International Women's Day 2019
"Better the Balance, Better the World"
Champagne Brunch

with Terri & Bindi Irwin and members of the Black Mamba anti-poaching unit.

Australia Zoo Wildlife Warriors, AmCham and Crikey Magazine proudly present a celebration of International Women's Day 2019 at Australia Zoo from 9:00am - 11:30am on Friday, March 8!

Join global conservationists, Terri and Bindi Irwin as they share their incredible stories as Wildlife Warriors. Hear from the Director of the Australia Zoo Wildlife Hospital, Dr Rosie Booth, on conservation efforts here in Australia. Finally, we introduce you to The Black Mambas, a group of truly inspiring women who have made it their mission to protect wildlife in South Africa without weapons or violence.

The Autumn edition of Crikey Magazine, showcasing these remarkable stories and commemorating International Women's Day 2019 will be launched at the brunch with each guest receiving a signed copy from the Irwin family.

Including a sumptuous champagne brunch, option to self-drive or enjoy return coach transport from Brisbane CBD, a meet and greet with Australia Zoo's wildlife and gifts galore, this event is not to be missed!

Proceeds from this event will go directly towards supporting conservation efforts led by women.

Dr Terri Irwin

Terri Raines was born in Eugene, Oregon, USA on 20 July 1964. Her father drove heavy-haul trucks and would often bring home wildlife that had been injured on the road. This instilled in Terri a love for wildlife and a desire to help animals from a very early age.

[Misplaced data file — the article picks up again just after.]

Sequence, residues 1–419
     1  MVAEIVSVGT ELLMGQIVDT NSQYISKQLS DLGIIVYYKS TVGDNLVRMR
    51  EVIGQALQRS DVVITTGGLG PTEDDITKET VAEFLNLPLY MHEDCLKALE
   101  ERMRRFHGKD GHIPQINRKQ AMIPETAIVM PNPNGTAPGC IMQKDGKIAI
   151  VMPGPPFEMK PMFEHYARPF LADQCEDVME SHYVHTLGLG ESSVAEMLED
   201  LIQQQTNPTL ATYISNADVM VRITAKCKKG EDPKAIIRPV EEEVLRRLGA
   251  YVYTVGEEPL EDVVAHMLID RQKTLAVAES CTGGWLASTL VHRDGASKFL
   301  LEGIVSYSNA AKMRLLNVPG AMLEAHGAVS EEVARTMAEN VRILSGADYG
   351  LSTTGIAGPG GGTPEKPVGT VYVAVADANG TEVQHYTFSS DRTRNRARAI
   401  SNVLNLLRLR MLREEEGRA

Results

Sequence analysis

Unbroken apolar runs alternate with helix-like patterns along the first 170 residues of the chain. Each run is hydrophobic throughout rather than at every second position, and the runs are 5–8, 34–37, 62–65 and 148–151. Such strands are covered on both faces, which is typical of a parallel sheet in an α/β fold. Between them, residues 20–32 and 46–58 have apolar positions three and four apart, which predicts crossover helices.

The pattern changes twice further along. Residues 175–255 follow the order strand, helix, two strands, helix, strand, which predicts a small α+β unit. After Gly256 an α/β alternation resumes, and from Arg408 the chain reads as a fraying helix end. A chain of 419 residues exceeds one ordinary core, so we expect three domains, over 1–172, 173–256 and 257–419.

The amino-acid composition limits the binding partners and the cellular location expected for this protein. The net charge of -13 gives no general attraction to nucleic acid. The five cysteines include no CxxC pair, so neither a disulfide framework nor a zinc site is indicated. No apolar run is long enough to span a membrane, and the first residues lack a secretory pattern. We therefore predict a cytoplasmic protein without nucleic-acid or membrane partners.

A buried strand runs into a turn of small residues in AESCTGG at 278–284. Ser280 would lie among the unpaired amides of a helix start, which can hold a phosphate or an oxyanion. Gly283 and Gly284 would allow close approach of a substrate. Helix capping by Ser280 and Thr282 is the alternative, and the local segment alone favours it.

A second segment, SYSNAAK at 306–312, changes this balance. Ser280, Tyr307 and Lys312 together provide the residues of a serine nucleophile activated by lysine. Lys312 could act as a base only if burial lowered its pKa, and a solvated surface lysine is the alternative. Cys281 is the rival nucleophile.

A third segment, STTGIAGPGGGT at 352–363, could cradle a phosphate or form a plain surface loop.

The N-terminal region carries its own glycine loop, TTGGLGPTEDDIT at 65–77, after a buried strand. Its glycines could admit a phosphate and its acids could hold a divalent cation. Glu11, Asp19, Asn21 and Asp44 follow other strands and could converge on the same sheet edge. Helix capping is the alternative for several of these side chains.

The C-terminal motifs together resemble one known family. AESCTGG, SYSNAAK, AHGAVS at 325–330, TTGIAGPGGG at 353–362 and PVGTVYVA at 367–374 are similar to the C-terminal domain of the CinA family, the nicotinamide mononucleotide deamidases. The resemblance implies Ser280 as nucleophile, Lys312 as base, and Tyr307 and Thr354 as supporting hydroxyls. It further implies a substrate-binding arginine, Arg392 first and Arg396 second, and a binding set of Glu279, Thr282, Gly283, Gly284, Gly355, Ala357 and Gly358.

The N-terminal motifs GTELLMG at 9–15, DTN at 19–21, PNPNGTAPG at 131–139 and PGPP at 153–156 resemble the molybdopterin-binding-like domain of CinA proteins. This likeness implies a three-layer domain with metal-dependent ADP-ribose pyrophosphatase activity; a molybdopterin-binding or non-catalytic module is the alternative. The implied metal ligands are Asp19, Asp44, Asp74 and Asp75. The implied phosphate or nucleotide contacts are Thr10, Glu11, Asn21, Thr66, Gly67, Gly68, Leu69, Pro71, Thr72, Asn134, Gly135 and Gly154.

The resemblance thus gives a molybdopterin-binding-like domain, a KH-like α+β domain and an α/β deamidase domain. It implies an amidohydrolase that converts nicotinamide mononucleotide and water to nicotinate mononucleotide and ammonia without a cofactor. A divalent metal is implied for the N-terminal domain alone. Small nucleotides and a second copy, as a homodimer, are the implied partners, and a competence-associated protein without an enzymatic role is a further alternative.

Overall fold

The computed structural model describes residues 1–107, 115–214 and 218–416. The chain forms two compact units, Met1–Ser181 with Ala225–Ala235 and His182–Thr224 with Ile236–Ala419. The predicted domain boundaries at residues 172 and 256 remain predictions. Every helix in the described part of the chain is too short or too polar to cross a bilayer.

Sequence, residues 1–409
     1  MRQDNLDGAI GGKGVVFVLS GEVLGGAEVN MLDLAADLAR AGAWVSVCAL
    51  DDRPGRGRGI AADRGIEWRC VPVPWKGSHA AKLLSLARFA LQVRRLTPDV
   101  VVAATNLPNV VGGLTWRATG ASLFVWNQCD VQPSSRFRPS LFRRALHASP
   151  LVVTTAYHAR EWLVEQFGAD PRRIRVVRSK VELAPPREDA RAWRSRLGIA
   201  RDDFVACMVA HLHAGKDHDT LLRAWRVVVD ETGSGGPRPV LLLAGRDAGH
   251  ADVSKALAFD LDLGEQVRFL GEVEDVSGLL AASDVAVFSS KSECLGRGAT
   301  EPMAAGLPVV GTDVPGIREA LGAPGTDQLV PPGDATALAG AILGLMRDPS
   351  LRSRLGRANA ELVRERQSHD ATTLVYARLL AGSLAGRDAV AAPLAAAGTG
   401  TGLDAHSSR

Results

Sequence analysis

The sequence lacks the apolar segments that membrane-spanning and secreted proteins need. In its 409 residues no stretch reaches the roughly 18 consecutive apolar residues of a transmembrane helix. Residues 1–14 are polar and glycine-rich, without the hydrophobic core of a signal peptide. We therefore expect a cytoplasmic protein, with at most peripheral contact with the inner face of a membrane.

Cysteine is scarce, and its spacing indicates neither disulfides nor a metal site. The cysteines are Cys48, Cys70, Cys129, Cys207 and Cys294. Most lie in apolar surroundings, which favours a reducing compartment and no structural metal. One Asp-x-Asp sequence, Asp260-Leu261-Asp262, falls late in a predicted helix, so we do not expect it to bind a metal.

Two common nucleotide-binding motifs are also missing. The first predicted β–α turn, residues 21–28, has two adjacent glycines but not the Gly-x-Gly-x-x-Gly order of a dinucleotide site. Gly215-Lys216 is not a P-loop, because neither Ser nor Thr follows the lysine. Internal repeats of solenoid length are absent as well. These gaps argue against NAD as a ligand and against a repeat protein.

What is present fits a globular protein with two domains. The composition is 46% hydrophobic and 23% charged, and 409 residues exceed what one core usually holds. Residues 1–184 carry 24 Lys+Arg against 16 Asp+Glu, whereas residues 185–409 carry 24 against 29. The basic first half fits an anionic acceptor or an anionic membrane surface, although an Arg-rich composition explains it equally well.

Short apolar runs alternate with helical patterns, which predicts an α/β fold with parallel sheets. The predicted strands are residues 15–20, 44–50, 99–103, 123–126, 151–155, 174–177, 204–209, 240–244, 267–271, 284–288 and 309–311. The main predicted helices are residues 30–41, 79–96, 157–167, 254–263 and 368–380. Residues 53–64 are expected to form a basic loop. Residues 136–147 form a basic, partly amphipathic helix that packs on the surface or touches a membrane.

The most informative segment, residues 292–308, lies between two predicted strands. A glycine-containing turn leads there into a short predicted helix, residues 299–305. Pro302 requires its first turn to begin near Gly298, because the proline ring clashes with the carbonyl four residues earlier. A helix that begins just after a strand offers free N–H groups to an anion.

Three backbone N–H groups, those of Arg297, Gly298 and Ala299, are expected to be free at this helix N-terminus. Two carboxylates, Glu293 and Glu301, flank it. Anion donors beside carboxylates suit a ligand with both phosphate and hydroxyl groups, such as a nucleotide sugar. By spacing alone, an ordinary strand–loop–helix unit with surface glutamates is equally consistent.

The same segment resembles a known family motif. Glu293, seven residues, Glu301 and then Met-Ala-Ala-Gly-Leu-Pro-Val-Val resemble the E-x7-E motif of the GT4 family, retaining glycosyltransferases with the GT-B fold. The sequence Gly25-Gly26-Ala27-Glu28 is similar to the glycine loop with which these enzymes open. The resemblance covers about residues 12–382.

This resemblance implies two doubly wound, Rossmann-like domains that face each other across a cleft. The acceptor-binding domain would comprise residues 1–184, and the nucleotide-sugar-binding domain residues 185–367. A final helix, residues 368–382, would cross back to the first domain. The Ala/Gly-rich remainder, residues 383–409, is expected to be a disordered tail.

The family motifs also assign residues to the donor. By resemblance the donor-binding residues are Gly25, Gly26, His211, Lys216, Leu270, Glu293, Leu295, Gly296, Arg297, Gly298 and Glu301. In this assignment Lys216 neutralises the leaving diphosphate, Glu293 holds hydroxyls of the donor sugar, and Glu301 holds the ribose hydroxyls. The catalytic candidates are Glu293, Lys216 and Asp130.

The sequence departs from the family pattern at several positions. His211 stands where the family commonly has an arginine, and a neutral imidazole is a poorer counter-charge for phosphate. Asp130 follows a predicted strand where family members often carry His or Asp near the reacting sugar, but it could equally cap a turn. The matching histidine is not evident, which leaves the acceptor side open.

At 20, Terri was running the family business, worked part-time at an emergency veterinary hospital and operated a wildlife rehabilitation organisation called 'Cougar Country', rehabilitating and releasing predatory mammals such as cougars, bears and bobcats. It was not long before she was caring for more than 300 animals each year.

During a holiday to Australia, Terri visited the 'Queensland Reptile and Fauna Park'. She was captivated by the enthusiastic man in the khakis, talking so passionately about crocodiles. Terri introduced herself, realising they both had in common their passion for wildlife and conservation. This chance encounter would change their lives forever!

Steve and Terri married on 4 June 1992. The wedding was a huge occasion, with all of Terri's friends, family and colleagues realising they would be saying goodbye as she started her life in Australia with Steve. Terri and Steve immediately began their life together with wildlife documentary filming, an amazing zoo, and later two incredible children, along with a stack of adventures.

Steve and Terri's wildlife documentaries brought Australia Zoo to the world stage, attracting visitors from across the world to the Sunshine Coast. While Terri lost her soulmate Steve, she continues to be a passionate wildlife spokesperson and conservation icon. She actively speaks out and supports conservation issues around the world. Terri is determined to dedicate the rest of her life to wildlife and conservation, fulfilling Steve's legacy with the support of Bindi and Robert.

Bindi Irwin

Bindi Sue Irwin is a passionate wildlife conservationist, who has inherited her parents' love for wildlife and wild places. Born to Wildlife Warriors Steve and Terri Irwin, Bindi is a determined soul, destined to make a positive difference on the planet.